Meet Julia, the newest cast member on the long-running children’s show “Sesame Street.” She’s a muppet, naturally. She’s got yellow felt skin, green eyes and orange hair. She also has autism.
Julia is a first in the nearly 50-year history of the show, which has been found to have a profound educational impact on children. While “Sesame Street” has dealt with complex issues in the past — death, HIV/AIDS, divorce and incarcerated parents — it has never had a character with a developmental disability, per CBS.
As Vulture reports, Julia will be familiar to some fans of the show. In 2015, she appeared in a “Digital Storybook” alongside classic characters like Elmo and Abby. Now, however, she will appear as a muppet and featured star on TV for the first time.
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The show’s creators hope that Julia will boost awareness and compassion so that, “when [children] encounter [people with disabilities] in their real life it's familiar. And they see that these — these can be their friends too,” writer Christine Ferraro told CBS.
In creating the character, Ferraro and the show’s other writers consulted with autism advocacy organizations in order to ensure they were properly and respectfully portraying the condition.
“It’s tricky because autism is not one thing, because it is different for every single person who has autism,” Ferraro told CBS. “There is an expression that goes, ‘If you’ve met one person with autism, you’ve met one person with autism.’”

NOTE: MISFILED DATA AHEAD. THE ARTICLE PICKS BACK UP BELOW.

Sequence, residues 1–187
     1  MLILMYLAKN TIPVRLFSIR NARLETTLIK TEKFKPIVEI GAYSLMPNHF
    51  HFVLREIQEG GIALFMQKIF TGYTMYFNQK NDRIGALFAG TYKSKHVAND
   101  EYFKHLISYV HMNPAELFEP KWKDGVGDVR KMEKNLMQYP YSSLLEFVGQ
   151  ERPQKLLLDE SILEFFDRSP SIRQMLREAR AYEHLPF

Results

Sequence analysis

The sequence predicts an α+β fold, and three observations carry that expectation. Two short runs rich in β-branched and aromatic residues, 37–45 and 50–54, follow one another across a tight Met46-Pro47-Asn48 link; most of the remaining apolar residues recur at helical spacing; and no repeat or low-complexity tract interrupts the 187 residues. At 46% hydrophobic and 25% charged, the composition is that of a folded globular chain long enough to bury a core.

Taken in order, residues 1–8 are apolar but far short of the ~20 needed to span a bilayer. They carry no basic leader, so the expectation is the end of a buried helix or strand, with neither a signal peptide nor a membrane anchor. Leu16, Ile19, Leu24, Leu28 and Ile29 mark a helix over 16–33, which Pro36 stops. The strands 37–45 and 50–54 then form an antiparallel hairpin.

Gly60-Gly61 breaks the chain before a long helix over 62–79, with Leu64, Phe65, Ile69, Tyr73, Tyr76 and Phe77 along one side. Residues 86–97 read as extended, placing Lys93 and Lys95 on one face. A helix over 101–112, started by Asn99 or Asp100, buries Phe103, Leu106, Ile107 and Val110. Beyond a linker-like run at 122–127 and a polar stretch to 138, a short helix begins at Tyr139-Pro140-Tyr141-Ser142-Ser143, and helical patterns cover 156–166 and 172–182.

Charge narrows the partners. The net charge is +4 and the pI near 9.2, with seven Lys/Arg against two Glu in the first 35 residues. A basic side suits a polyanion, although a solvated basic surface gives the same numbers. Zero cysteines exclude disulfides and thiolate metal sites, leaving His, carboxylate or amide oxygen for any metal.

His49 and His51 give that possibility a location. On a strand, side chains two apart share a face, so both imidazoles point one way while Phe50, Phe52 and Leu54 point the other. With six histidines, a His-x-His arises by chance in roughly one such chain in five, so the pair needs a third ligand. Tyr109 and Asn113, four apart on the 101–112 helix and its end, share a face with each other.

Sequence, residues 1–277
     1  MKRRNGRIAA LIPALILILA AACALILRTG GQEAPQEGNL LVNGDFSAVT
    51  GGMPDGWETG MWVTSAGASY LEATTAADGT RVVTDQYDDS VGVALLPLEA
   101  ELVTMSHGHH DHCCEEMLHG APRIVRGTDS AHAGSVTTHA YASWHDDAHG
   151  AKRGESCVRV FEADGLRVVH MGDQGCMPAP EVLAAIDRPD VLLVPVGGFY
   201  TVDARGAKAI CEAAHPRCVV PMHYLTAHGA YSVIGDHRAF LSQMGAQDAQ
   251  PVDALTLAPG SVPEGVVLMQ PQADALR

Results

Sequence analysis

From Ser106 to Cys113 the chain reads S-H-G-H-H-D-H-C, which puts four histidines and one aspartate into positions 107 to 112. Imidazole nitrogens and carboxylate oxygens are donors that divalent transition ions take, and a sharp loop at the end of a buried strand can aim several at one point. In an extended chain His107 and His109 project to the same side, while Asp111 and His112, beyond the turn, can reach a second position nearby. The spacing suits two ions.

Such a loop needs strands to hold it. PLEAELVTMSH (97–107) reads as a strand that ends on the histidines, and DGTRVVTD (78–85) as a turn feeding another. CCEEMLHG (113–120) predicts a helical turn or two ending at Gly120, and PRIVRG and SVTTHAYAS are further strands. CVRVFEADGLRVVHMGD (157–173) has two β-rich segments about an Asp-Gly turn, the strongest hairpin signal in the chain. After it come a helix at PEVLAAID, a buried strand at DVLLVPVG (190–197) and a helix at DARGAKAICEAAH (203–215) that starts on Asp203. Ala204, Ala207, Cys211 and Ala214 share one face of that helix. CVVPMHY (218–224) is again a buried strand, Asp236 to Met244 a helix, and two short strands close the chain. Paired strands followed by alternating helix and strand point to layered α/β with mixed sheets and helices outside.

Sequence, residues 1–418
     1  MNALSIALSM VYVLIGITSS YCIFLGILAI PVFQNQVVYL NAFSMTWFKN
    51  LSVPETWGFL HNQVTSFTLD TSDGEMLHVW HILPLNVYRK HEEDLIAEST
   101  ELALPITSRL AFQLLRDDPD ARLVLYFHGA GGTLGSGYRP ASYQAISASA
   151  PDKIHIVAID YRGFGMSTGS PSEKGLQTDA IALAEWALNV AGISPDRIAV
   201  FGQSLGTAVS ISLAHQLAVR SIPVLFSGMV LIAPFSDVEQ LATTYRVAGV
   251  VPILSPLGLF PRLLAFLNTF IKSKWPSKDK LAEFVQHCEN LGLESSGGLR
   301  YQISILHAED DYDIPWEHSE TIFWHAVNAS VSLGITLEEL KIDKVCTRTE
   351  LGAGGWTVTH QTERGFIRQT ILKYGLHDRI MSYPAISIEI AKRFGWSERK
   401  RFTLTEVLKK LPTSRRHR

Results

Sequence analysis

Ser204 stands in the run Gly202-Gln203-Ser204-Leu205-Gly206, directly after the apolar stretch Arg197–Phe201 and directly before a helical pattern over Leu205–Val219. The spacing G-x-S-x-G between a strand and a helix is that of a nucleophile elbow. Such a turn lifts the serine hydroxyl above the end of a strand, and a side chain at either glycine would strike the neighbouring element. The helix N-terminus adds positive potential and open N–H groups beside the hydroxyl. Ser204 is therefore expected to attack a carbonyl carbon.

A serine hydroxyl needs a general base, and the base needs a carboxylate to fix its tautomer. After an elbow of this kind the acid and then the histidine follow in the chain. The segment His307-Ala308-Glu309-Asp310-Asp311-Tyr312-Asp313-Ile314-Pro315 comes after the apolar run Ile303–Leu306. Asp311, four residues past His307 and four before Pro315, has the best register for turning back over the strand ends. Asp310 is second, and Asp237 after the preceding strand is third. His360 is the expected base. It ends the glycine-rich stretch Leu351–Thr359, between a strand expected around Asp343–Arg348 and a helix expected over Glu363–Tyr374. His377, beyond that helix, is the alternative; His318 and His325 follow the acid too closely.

When Julia is first introduced by Elmo to Big Bird on the show, she will be reluctant to shake his hand. Elmo will then explain that “sometimes it takes her a little longer to do things.” Later on, Julia will be jumping up and down, too excited to play tag, and the other characters will instead change their game to join her.
“It was a very easy way to show that with a very slight accommodation they can meet (Julia) where she is,” Ferraro said. “And get something out of it themselves.”
The puppeteer who will control Julia’s actions, Stacey Gordon, has a son with autism. She told CBS she thinks the character would have been helpful for her own child and his peers when he was growing up.
“Had my son’s friends been exposed to his behaviors through something that they had seen on TV before they experienced them in the classroom, they might not have been frightened,” Gordon said. “They might not have been worried when he cried. They would have known that he plays in a different way and that that’s OK.”